Watch this excellent KSTP-TV story, which also mentions how The Heartland Institute (through the Nongovernmental International Panel on Climate Change) serves as a scientific counter to the United Nations Intergovernmental Panel on Climate Change.
Each day the Environmental Protection Agency foists hundreds of new pages of regulations (amounting to hundreds of millions of dollars in cost) upon the economy. These regulations cost jobs, raise energy prices and for what?
Make no mistake, everything we do has an environmental impact, and frac sand mining is no exception. But to exaggerate the costs and ignore the benefits is dishonest. Wisconsin can take reasonable precautions to develop frac sand resources in an environmentally responsible way and continue to enjoy the benefits of creating thousands of high-paying jobs throughout the state.
CNN “Reliable Sources” Host Brian Stelter thinks the story is how The Weather Channel “is distancing itself” from Coleman’s science-based skeptism of man-caused, catastrophic global warming. The real story is how Coleman dominated his segment on “Reliable Sources,” scolding CNN for not putting on skeptic scientists who could explain, for instance, that global warming has stopped for 18 years, and why the “97 percent consensus” is bunk.
There’s a bit of cross-talk, but John Coleman noted that Al Gore took only one science class in college, taught by Roger Revelle, and “Al Gore got a ‘D’ in it … and has made a billion dollars on climate change.”
Dr. Roy Spencer of the University of Alabama in Huntsville, a frequent presenter at Heartland’s climate conferences, is an invaluable and prominent voice among scientists who are righly skeptical about the hypothesis of man-caused climate change. In a post today, Dr. Spencer throws a lot of cold water on the idea that 2014 is shaping up to be the “warmist year on record.”
This warming disaster idea has become so entrenched that even prime ministers and presidents now misuse “carbon” as shorthand for “carbon dioxide,” and often call this plant-fertilizing gas a pollutant.
President Obama on Tuesday addressed the Climate Summit at the United Nations, promising to take more executive actions at home, and work more closely with other countries abroad, to fight climate[…]
DiCaprio is an actor, not a scientist; it’s no real surprise that his film is sensationalistic and error-riddled. Other climate-change fantasists, who do have a scientific background, have far less excuse.
President Obama insists that religion, let alone Islam, has nothing to do with the terrorist threat ISIS poses to Americans and all freedom-loving people. But his secretary of state says religion, and Islam, is wholly relevant in the fight against global warming. Top. Men.
The organic food movement grows every year. Many people are attracted to its acclaimed health benefits and superior produce compared to more ordinary foods. Organically grown food is particularly favored over genetically modified foods (GMOs). Indeed, it is hard to find an upscale restaurant or grocery store that does not loudly proclaim its non-GMO status.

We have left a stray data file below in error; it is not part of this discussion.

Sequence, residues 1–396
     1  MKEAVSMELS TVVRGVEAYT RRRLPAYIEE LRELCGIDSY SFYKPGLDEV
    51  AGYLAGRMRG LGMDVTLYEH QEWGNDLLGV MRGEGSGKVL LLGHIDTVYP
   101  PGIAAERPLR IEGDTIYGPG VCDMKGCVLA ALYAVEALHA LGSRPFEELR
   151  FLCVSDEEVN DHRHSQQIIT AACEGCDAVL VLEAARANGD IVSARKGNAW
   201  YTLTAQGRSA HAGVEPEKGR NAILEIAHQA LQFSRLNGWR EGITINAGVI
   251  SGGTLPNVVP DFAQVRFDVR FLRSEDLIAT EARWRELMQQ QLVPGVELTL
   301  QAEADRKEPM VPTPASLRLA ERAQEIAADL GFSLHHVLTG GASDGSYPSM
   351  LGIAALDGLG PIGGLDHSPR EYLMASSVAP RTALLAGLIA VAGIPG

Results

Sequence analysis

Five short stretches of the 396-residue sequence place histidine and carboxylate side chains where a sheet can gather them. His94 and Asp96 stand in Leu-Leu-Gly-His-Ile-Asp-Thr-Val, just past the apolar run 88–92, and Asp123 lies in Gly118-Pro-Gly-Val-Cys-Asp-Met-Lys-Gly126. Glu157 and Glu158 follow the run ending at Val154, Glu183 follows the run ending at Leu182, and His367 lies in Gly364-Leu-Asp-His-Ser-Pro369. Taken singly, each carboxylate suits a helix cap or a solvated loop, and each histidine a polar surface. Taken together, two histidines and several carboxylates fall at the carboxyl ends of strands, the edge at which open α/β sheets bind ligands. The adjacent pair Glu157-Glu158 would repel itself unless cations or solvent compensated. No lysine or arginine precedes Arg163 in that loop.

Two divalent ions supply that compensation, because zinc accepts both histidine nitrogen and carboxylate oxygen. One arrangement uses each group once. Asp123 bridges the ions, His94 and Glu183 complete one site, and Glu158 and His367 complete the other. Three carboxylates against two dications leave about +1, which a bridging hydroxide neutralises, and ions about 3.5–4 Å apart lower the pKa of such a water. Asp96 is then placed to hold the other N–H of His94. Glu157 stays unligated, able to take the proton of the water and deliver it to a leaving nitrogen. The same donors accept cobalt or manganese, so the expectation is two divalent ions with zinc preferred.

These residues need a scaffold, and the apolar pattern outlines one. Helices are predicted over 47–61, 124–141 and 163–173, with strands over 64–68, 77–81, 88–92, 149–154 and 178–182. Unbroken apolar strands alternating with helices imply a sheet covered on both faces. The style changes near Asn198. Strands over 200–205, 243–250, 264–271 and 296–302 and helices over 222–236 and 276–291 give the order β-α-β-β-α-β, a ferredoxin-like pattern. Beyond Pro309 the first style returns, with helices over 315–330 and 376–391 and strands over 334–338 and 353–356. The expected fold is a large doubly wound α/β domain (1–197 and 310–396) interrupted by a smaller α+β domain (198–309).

Penn Jillette, the world-famous magician (and fellow of the Cato Institute), has a saying: “Everybody got a gris-gris.” By that, Jillette means everyone has some irrational belief or superstition, something one believes even when knowing it is an unreasonable. We carry these superstitions through life like talismans, and we defend them when confronted with the cold light of reason. My gris-gris is NASA.
Much has been written and argued, from all sides in the global warming debate, about the meaning of the asserted 17-year pause in global warming. Is a 17-year pause significant? Is a pause even occurring? Does the pause signal a longer-term halt to global warming or even a long-term cooling trend? Would a resumption of global warming to pre-pause rates end the global warming debate? A look at recent temperatures and their appropriate context provides helpful meaning to the much-discussed global warming pause.
Nikola Tesla, the Serbian-American inventor, while not a household name, has been recognized by the scientific community many times over the years. The metric system unit for magnetic field strength, for example, is known as the tesla. Tesla made many contributions to various sciences over the years, including pioneering work in magnetic fields, induction motors, and electricity. In recent years, various communities on the Internet have sought to lionize Tesla’s life and to expand knowledge of his scientific achievements. This goal is a noble one, as Tesla’s life is frequently reduced to the position of footnote in science histories. But these communities have also engaged in a very wrong-headed pursuit: trashing the reputation of Thomas Edison.
Partisans lob amusing but ultimately unsatisfying barbs at each other while the rules of science shift behind the curtain. Given the global economic and environmental challenges faced by our nation, we should expect and demand better.